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Solar system

A generic solar system (planetary system) consists of, at least, one star and various orbiting objects (such as asteroids, comets, moons, and planets). The planet Earth is located within a solar system.

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The Sol System

In the Sol system, the primary object is Sol, a comparatively small star which, nevertheless, contains 99.86% of system's mass. Much of the remaining mass is found in the planets; (Mercury, Venus, Earth, Mars, Jupiter, Saturn, Uranus, Neptune and Pluto); as well as, their moons and ring systems. In addition, there are asteroids, comets, Kuiper objects, trans-Neptunian objects, a theorized Oort cloud, and interplanetary dust, gas, and particles. The surface area, of this system's objects, is ~ 1.7B km2. (1 -- U Texas (http://uts.cc.utexas.edu/~gwk/images/SolSys/SolSys))

Origin and Evolution of Solar Systems

Cosmogony is the academic discipline which deals with the formation of solar systems. Solar systems are generally believed to form as part of the same process which results in star formation; although, some argue that systems are formed by some kind of accidental "stellar near-collison". The more common theory argues that the objects of a solar system developed from a solar nebula.

Orbit of the Sol System

The solar system is part of the Milky Way galaxy, a spiral galaxy with a diameter of about 100,000 light years containing approximately 200 billion stars, of which our sun is fairly typical.

Estimates place the solar system at between 25,000 and 28,000 light years from the galactic center. Its speed is about 220 kilometers per second, and it completes one revolution every 226 million years.

The solar system appears to have a very unusual orbit. It is both extremely circular, and at nearly the exact distance at which the orbital speed matches the speed of the compression waves that form the spiral arms. The solar system appears to have remained between spiral arms for most of the existence of life on Earth. The radiation from supernovas in spiral arms could theoretically sterilize planetary surfaces, preventing the formation of large animal life on land. By remaining out of the spiral arms, Earth may be unusually free to form large animal life on its surface.

Discovery and Exploration of the Solar System

Because of the geocentric perspective from which humans viewed the solar system, its nature and structure were long misperceived. The apparent motions of solar system objects as viewed from a moving Earth were believed to be their actual motions about a stationary Earth. In addition, many solar system objects and phenomena are not directly sensible by humans without technical aids. Thus both conceptual and technological advances were required in order for the solar system to be correctly understood.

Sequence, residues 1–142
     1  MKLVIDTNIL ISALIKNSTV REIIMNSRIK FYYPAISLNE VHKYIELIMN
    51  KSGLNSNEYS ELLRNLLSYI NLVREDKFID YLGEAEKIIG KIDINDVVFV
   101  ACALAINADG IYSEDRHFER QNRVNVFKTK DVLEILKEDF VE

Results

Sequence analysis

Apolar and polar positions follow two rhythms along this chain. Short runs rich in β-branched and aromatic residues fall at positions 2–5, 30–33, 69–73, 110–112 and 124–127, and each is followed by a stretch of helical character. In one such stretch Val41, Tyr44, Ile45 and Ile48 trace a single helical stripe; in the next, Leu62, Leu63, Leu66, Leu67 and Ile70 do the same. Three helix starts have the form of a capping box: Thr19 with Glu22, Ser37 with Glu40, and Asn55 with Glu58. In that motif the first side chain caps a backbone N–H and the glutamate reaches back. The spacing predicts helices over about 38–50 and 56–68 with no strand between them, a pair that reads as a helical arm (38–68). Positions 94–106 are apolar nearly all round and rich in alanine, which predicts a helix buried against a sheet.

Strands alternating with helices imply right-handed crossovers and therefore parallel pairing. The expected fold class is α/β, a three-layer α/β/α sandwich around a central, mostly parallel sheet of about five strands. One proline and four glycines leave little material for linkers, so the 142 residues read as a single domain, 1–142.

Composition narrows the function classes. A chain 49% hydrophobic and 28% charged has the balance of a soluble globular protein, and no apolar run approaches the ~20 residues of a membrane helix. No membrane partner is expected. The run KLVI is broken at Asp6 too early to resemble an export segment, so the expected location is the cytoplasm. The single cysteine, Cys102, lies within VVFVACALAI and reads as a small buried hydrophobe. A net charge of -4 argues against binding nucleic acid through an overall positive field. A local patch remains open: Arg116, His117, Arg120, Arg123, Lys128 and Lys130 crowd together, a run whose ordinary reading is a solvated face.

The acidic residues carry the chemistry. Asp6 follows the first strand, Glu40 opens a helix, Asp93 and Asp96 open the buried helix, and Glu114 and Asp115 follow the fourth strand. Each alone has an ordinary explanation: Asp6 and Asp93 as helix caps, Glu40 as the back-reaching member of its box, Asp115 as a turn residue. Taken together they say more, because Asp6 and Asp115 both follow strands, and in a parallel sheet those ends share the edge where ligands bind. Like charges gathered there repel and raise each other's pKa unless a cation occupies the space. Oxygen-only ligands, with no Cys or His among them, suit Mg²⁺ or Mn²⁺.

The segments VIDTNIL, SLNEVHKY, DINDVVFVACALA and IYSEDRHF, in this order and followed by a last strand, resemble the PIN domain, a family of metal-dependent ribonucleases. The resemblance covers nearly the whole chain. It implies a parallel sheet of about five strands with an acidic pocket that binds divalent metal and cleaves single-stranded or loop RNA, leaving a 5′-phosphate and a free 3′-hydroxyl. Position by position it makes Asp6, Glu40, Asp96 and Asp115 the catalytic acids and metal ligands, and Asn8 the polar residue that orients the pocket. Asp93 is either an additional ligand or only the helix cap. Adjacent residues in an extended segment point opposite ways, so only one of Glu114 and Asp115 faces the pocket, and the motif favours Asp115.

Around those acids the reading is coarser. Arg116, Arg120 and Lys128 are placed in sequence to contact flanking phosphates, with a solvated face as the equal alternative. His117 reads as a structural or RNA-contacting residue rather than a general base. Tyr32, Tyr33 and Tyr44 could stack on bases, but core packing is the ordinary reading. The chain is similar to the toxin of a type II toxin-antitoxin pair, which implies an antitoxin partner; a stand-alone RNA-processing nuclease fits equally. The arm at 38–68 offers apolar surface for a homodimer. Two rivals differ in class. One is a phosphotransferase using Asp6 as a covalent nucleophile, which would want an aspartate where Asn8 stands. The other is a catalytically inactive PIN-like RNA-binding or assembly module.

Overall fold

The first and most fundamental of these advances was the Copernican Revolution, which adopted a heliocentric model for the motions of the planets. Indeed, the term "solar system" itself derives from this perspective. But the most important consequences of this new perception came not from the central position of the Sun, but from the orbital position of the Earth, which suggested that the Earth was itself a planet, and the planets other Earths. This was the first indication of the true nature of the planets. Also, the lack of perceptible stellar parallax despite the Earth's orbital motion indicated the extreme remoteness of the fixed stars, which prompted the speculation that they could be objects similar to the Sun, perhaps with planets of their own.

The Solar System and Other Planetary Systems

Until recently, the solar system was the only known example of a planetary system, although it was widely believed that other comparable systems did exist. A number of such systems have now been detected, although the information available about them is very limited. The technique employed involves the detection through the Doppler effect of periodic variations in the motion of parent stars which is attributed to the presence of planets. This allows the mass and orbital characteristics of the unseen planets to be determined. Unfortunately the sensitivity of these techniques currently does not permit the detection of planets of mass and orbit comparable to the Earth.

Major Planets of the Solar System

All characteristics below are measured relative to Earth:

Planet Equatorial
Mass Orbital
Mercury 0.382 0.06 0.38
Venus 0.949 0.82 0.72
Earth 1.00 1.00 1.00
Mars 0.53 0.11 1.52
Jupiter 11.2 318 5.20
Saturn 9.41 95 9.54
Uranus 3.98 14.6 19.22
Neptune 3.81 17.2 30.06
Pluto* 0.24 0.0017 39.5

*Pluto traditionally has been considered a planet. However now that we have learned more about the variety of bodies in the Solar System we can see that its composition and orbit indicate that it has much more in common with Kuiper belt objects than it has with the rest of the planets. Therefore some astronomers no longer class Pluto as a planet.

Solar System Objects

Mosaic of the planets of the Solar System. Note: planets are not portrayed in the same scale.


It has been suggested that the Sun may be part of a binary star system, with a distant companion named Nemesis. Nemesis was proposed to explain some regularities of the great extinctions of life on Earth. The theory says that Nemesis creates periodical perturbations in the asteroids and comets of the solar system causing a shower of large bodies and some of them hit Earth causing destruction of life. After this theory was stated, a search was undertaken for such a dim, distant companion; it found no visible star within one light-year of the Sun.

Misc items about solar system

See also: Timeline of solar system astronomy


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